Margo Price has been making music for a number of years. Her bass player husband, Jeremy Ivey, formed Buffalo Clover, a band that self-released three albums in four years. Price’s world was rocked after the loss of her first-born. It was a dark time for her following as she turned to drinking and recklessness that ended with her dealing with the law. “Thank god I had my friends and family to keep me going,” Margo says. “Coming through that, I thought, ‘I’m just going to write music that I want to hear.’ It was a big turning point.”
The result of writing the music she wants to hear is Margo Price’s first solo release, Midwest Farmer’s Daughter. The album was recorded at Sun Studio in Memphis, TN and was eventually picked up by Third Man records. Midwest Farmer’s Daughter is a callback to country’s honky tonk heydays mixed with some blues and rock n’ roll, creating a dynamic record, with each song grounded in country music.
Midwest Farmer’s Daughter is a fitting title because this album is who Margo Price is and her life. Several of the songs are personal in nature, best exemplified by the album opener, “Hands of Time.” This 6-minute story ballad could very well be Price’s autobiography. She sings about leaving home to chase her musical dreams, drinking too much, falling for men, and the death of her child. As life’s hardships take their toll, she wishes to turn back the hands of time back to the simpler days of living on the farm back home. It takes confidence to start an album off with a longer, slower song like this, but Margo’s quiet, vulnerable delivery and honest storytelling make “Hands of Time” one of the album’s strongest songs. “About to Find Out” is an upbeat honky tonk song about taking a stand against prideful, lying people in life. Be it a terrible boyfriend or a corporate establishment, the song suggests these people are about to find out what it’s like to be walked on.
Margo Price channels her outlaw sound for “Tennessee Song.” Another song which calls for going back home away from the chaos of life, this time with her husband. The outlaw country sound on this song is great, with the electric and steel guitars nicely balanced. With Margo Price moving to Tennessee, I imagine this is another song written from a personal place. Price tackles heartbreak on “Since You Put Me Down.” She tries to cope with her feelings after her man leaves her. She doesn’t want to see him or speak with him; she only wants to drink her feelings away until her heart has healed. The throwback country production is well done with this song. “Four Years of Chances” is a song with a blues influence, with a more noticeable electric guitar line and a keyboard in the production. The song tells the story of a woman who’s fed up with her husband after four years of marriage. She’s unhappy and has given up on him, so she leaves and finds herself a new husband.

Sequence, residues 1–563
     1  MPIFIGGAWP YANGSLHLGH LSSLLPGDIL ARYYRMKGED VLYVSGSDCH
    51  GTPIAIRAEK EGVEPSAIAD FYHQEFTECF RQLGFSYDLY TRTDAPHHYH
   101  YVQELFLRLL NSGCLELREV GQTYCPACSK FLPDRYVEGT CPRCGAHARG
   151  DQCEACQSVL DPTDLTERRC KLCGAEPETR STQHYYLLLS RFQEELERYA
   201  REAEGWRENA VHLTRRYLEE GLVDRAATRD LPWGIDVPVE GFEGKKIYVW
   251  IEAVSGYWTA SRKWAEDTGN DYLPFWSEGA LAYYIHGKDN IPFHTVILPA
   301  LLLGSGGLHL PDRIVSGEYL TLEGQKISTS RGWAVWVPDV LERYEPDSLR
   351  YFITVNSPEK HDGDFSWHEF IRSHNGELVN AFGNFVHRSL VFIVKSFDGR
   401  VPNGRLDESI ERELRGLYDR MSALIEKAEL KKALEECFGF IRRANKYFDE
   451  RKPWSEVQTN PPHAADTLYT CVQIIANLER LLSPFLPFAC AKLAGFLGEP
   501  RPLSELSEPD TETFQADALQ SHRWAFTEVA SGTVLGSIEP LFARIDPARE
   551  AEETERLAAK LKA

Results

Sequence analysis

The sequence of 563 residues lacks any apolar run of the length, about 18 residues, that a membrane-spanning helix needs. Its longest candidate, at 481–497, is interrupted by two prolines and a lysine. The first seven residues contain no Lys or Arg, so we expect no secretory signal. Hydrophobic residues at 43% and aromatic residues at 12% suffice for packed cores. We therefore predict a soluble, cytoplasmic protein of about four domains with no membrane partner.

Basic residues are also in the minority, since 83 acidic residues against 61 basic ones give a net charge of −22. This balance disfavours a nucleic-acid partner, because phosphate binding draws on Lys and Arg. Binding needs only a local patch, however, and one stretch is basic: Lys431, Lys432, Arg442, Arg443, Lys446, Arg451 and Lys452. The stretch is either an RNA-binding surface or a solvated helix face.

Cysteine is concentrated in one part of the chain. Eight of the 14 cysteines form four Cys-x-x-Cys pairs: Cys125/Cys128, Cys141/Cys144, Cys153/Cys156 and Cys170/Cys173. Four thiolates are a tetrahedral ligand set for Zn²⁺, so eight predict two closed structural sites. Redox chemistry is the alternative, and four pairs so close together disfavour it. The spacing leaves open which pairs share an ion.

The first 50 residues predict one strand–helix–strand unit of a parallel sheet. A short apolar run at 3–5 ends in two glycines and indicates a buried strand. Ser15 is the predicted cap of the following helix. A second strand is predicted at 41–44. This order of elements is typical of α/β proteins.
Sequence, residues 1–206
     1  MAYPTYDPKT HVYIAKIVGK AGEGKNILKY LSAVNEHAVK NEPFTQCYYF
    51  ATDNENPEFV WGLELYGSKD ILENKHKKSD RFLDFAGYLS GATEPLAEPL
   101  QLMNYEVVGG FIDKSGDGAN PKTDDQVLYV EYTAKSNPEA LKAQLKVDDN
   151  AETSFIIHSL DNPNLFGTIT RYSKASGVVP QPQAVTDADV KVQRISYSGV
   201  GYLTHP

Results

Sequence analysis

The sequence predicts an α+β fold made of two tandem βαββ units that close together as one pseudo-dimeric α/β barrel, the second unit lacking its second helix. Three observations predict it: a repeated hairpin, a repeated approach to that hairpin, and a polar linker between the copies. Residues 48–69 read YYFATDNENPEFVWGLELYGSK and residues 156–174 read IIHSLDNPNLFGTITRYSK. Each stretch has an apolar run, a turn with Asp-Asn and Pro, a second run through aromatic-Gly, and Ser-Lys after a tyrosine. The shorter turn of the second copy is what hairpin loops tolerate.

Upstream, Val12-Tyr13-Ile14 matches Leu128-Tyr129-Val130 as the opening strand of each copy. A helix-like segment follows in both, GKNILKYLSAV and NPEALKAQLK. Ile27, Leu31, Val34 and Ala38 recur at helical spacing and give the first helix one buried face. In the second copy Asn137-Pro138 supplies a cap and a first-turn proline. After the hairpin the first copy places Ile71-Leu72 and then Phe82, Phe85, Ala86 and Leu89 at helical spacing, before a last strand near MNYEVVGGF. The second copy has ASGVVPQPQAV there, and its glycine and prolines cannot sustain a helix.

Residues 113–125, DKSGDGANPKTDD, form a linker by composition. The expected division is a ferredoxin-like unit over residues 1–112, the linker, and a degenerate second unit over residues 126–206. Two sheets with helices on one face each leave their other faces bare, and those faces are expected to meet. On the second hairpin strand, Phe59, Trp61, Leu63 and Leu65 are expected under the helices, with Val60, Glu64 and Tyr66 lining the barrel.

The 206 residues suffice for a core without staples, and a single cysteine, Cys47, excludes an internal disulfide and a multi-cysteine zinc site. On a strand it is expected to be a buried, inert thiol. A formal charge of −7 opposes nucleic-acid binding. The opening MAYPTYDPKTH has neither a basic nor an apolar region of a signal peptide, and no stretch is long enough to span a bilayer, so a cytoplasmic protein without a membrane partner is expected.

“This Town Gets Around” is a critique on Nashville and the music industry. As she sings in the second stanza, “As the saying goes, it’s not who you know but it’s who you blow that’ll get you in the show. And if that’s not the case I hear you pay ’em.” That’s a harsh, but great line against the country music business in Nashville. Price keeps it decidedly country in this song, as she simultaneously criticizes the establishment while touting her own accomplishments on her own accord. Margo Price slows it down a bit for “How the Mighty Have Fallen.” The song details a prideful man who after the end of the relationship, comes crawling back to the narrator and their simple life at home. “Weekender” is a song that depicts various characters and their hijinks while locked up in a women’s prison. It’s another song grounded in traditional country with the ever-present steel guitar and piano in the mix.
The rowdy “Hurtin’ (On the Bottle)” finds Margo Price drinking too much after her love leaving her. The song’s production is great with the various guitars, fiddle, and keyboard getting a chance to shine. “World’s Greatest Loser” is quick acoustic song with three stanzas. Margo sings about feeling lost in many areas in life, and pleading to someone who she not be left alone. It’s a poignant song that comes from a place of pain. Midwest Farmer’s Daughter ends with “Desperate and Depressed.” Another acoustic song, the lyrics detail the struggles of a musician on the road. Making little to no money, getting no sleep, and deal makers who aren’t trustworthy, all of it takes its toll on Price who simply feels desperate and depressed.
Overall, I think Midwest Farmer’s Daughter is an excellent country album. Price’s vocals are great as she captures the solemness of the slower tracks, but has the appropriate bite and attitude on the rowdier songs. Margo Price has played on several of the late shows and performed on SNL on April 9. It’s still too early to tell, but given the recent success of Chris Stapleton, this could be a big album for country music. Margo Price’s Midwest Farmer’s Daughter is one of my favorite albums so far this year.